Baker succeeds Joe Sumners, GEDI executive director emeritus, who recently retired.

University Outreach’s Government and Economic Development Institute, or GEDI, is a leading provider of the state’s economic development education and training. This is the 35th year that Auburn University has hosted the Intensive Economic Development Training Course. The class of 2019 included 57 participants from the Southeast region.

Economic Development class poses for photo on stairs.The course is divided into two one-week sessions and introduces participants to all phases of economic development. Program leaders and faculty have proven success in economic development practices and techniques. Instructors represent the field’s most effective practitioners from throughout the state and nation.

The first week of the Intensive Course was held July 8-12 and was accredited by the International EconomicDevelopment Council. It fulfilled one of the prerequisitesfor those who wish to take the exam for the CertifiedEconomic Developer designation. It provided an intensiveoverview of general economic development concepts andprinciples.

The second week was conducted Sept. 9-12 and focused on important issues and resources. It was valuable to economic developers and community leaders practicing in Alabama. The second week included field trips to the Auburn Industrial Park, East Chase Shopping Center and Hyundai Motor Manufacturing Alabama. These hands-on experiences allowed participants to directly experience the impact of these businesses and industries on Alabama’s economy.

For more information, go to

Auburn University’s Center for Educational Outreach and Engagement, or CEOE, has launched Culture Bump©: Learn to Connect Beyond Differences, a new mobile device app fostering cross-cultural understanding. CEOE, a unit in Auburn University’s Division of University Outreach, provides academic, social and cultural experiences promoting college and career readiness for Alabama youth.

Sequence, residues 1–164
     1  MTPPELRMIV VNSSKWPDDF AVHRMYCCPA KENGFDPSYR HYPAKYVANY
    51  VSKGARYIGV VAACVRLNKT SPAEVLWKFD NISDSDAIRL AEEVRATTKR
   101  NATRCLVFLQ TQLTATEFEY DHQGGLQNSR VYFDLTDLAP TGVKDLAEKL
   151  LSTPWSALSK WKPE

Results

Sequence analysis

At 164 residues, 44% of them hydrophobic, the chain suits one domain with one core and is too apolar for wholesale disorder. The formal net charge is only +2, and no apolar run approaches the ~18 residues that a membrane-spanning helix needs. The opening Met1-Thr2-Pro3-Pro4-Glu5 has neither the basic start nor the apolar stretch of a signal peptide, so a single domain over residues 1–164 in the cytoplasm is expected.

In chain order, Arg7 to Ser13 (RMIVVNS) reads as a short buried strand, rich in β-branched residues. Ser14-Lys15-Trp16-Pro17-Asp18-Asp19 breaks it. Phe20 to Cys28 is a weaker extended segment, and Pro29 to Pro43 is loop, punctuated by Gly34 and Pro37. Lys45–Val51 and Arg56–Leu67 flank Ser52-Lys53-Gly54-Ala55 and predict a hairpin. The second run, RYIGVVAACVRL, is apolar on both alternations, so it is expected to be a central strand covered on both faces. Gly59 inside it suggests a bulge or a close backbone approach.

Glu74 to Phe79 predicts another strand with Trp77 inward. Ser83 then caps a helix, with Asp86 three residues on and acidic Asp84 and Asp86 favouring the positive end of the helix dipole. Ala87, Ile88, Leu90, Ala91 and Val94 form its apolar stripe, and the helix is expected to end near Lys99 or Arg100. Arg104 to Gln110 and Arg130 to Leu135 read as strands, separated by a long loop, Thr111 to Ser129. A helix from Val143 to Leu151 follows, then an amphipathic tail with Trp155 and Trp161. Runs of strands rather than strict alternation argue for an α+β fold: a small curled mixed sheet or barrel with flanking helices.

CEOE’s Culture Bump© App provides users with quick and easy to understand solutions to common cultural situations people face throughout the world. The app is based on the “Culture Bump© Approach,” a unique and effective cultural and communication training program which has taught thousands of students, business people and groups to better connect with people around them.

Cell phone screen showing Culture Bump appThe Culture Bump© App represents a paradigm shift in common methods for teaching and understanding cultural differences. Instead of focusing on the differences between countries, the app uses universal similarities between cultures as a way to highlight the common elements shared among cultures. This information design allows users to simultaneously understand not only points of difference but also points of connection between themselves and others of differing backgrounds.